Functional differences between two classes of sodium channels in developing rat skeletal muscle

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Science  18 Jul 1986:
Vol. 233, Issue 4761, pp. 361-364
DOI: 10.1126/science.2425432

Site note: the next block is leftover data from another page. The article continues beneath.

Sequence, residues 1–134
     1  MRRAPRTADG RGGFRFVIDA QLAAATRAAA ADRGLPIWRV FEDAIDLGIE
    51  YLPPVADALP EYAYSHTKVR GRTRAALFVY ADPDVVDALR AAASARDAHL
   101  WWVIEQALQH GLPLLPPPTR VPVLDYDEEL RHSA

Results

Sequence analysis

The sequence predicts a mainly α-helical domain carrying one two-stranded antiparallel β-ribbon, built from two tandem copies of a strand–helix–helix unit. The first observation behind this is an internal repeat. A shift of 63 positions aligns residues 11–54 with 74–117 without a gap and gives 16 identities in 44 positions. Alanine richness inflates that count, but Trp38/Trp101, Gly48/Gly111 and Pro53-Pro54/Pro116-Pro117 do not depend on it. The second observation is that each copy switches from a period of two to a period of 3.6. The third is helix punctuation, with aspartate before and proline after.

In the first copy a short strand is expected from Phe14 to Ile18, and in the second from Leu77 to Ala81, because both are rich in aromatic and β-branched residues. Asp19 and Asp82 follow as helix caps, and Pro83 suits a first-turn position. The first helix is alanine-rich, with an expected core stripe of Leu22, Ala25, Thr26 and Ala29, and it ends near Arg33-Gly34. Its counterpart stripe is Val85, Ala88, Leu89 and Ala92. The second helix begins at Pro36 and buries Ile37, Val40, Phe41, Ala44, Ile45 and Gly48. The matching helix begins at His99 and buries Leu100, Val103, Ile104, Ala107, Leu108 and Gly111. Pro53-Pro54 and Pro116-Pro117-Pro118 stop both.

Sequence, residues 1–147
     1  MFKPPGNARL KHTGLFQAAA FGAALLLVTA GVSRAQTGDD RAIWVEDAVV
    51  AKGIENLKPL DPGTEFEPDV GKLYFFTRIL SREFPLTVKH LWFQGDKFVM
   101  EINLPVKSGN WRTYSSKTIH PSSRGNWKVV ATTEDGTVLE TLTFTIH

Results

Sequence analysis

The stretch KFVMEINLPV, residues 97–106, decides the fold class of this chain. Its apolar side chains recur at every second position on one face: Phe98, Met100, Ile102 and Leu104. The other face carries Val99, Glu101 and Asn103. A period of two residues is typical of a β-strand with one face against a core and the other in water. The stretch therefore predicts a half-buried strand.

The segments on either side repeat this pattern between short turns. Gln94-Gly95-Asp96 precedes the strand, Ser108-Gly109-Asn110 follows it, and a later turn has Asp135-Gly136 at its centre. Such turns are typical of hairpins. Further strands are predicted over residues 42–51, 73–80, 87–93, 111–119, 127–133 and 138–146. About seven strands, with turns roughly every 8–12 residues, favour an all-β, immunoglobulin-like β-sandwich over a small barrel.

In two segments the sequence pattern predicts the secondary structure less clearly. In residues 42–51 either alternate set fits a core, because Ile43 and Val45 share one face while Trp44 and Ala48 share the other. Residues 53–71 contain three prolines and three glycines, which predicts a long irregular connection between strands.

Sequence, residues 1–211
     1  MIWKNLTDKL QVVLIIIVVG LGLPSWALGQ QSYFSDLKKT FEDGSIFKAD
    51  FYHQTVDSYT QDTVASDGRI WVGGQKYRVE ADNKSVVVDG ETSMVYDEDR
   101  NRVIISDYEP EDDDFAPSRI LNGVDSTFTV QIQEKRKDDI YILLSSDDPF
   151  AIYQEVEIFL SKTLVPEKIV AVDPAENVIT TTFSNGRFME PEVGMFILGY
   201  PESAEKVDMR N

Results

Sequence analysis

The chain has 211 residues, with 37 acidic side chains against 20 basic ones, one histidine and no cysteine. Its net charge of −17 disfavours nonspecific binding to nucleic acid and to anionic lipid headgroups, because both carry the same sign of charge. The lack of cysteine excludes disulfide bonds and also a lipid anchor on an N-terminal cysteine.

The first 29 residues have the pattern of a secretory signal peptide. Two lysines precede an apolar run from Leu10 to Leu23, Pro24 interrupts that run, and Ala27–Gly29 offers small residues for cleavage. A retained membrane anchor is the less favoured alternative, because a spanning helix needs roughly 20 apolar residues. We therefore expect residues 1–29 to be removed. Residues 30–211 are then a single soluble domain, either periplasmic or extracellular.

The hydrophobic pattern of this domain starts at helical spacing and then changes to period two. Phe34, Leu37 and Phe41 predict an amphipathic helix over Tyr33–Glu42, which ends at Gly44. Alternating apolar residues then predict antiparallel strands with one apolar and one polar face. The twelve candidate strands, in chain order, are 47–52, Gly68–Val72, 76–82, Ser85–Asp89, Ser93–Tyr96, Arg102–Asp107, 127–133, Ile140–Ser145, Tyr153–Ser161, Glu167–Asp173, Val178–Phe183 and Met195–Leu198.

Excitability is generated in developing skeletal muscle by the incorporation of sodium-selective ion channels into the surface membrane. Whole-cell and patch voltage-clamp recording from myotubes and their embryologic precursors, myoblasts, indicated that voltage-activated sodium current in myoblasts was more resistant to block by tetrodotoxin (TTX) than that in myotubes. Single-channel recording from both cell types showed two classes of sodium channels. One class had a lower single-channel conductance, activated at more hyperpolarized voltages, and was more resistant to TTX than the other. The proportion of TTX-resistant to TTX-sensitive sodium channels was higher in myoblasts than in myotubes. Thus, the difference in TTX sensitivity between myoblasts and myotubes can be explained by a difference in the proportion of the two classes of sodium channels. In addition, the lower conductance of TTX-resistant channels provides insight into the relationship between the TTX binding site and the external mouth of the sodium channel.